This is the title and argument of an interesting piece in the Chronicle of Higher Education (The Overworked Bachelor's Degree Needs a Makeover).
I would like to comment on two points raised in the article.
1. The author suggests that the four-year bachelor's degree be split into two parts the first of which would be "a one-year program focused on a general education." One year? Is that really sufficient to give students a broad general education? As I've written elsewhere (Being Well Read), a good program of general education might be formulated using a read based curriculum where students would read a minimum of 5 books in areas of general knowledge including the natural sciences, humanities, history, and social sciences. By my calculation a solid general education of this kind would take 4-6 years. What can really be accomplished in one year that would count as "general education?"
2. Later in the article the author seems to advocate a "gap year" saying "Many 18-year-olds are simply not ready to start college only three months after graduating from high school. Yet there are few organized, inexpensive options available if they want to delay college to earn money, gain credits, or just figure out what they want to do in life." Here the surprising point is that there are few organized, inexpensive options available." This shows a shocking, yet typical (for academe), lack of awareness of the amazing options available for kids to explore and figure out what they want to do. A few of these include:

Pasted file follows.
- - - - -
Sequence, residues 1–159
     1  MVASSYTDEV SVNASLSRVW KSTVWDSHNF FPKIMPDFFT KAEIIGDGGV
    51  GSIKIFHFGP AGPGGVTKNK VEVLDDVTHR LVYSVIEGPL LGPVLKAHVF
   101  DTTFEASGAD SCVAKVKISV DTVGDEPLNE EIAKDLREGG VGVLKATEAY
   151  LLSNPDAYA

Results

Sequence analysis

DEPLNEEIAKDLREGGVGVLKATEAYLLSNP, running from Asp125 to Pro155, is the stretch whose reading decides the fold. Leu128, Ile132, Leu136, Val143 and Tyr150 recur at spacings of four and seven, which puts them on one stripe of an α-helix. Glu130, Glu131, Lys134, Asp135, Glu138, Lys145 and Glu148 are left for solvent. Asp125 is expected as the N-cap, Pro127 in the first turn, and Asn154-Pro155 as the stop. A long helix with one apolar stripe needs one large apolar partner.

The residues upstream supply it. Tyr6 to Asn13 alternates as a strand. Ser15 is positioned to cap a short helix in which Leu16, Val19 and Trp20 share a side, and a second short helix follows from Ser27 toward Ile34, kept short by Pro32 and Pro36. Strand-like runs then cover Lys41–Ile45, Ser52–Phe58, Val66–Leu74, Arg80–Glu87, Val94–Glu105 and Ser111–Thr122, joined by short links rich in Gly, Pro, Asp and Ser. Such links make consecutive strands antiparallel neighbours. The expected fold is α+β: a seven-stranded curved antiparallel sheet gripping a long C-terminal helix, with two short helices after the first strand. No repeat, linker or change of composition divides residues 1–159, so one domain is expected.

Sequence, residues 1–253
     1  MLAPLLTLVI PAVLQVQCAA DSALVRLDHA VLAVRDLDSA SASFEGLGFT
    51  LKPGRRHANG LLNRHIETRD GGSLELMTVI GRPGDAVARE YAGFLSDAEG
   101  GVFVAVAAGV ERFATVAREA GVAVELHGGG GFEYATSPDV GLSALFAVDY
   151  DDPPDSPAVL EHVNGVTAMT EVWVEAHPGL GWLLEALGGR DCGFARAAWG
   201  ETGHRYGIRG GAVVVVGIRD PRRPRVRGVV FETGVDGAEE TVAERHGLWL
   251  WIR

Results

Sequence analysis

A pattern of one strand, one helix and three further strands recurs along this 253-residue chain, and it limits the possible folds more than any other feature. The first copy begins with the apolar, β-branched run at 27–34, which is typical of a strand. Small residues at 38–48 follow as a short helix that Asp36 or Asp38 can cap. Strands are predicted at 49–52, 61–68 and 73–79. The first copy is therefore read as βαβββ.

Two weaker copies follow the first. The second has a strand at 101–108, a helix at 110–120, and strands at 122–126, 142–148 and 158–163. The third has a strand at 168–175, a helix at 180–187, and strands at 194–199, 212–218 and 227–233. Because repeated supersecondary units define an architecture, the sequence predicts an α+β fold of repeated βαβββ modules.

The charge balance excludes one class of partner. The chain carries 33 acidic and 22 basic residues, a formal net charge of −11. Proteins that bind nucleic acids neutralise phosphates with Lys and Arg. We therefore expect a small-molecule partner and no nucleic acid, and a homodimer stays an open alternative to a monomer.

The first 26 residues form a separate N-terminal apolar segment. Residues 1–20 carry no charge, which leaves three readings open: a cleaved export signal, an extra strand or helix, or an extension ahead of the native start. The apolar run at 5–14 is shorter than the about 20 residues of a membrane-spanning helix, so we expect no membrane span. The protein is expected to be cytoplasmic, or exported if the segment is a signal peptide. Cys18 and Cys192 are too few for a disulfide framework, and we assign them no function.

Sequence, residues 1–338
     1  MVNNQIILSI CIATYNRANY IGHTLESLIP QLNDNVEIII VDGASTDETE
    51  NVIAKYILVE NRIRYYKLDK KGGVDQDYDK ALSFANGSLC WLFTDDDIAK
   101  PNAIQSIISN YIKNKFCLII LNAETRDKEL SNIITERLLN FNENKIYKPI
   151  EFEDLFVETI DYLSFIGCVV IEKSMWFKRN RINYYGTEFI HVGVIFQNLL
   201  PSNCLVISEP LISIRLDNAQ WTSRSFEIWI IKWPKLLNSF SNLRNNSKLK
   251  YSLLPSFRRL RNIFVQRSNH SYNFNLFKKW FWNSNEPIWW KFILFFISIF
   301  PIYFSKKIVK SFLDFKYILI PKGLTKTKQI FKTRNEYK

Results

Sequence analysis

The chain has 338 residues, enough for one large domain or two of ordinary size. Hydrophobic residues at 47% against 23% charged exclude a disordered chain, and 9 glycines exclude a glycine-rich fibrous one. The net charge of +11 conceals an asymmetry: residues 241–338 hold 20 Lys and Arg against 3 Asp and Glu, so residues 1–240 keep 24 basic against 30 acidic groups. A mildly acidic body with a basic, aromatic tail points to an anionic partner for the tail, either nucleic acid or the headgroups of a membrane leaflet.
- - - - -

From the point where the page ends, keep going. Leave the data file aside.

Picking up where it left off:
Zero Tuition College
Plus other inexpensive gap year options and many writers exploring and advocating these.
Yes, the academic degree needs a makeover but in order for those in higher education to contribute to this change they first need to be aware of what is already happening outside of higher education. Many academics live in an insulated bubble. Time to get out of that and into the world!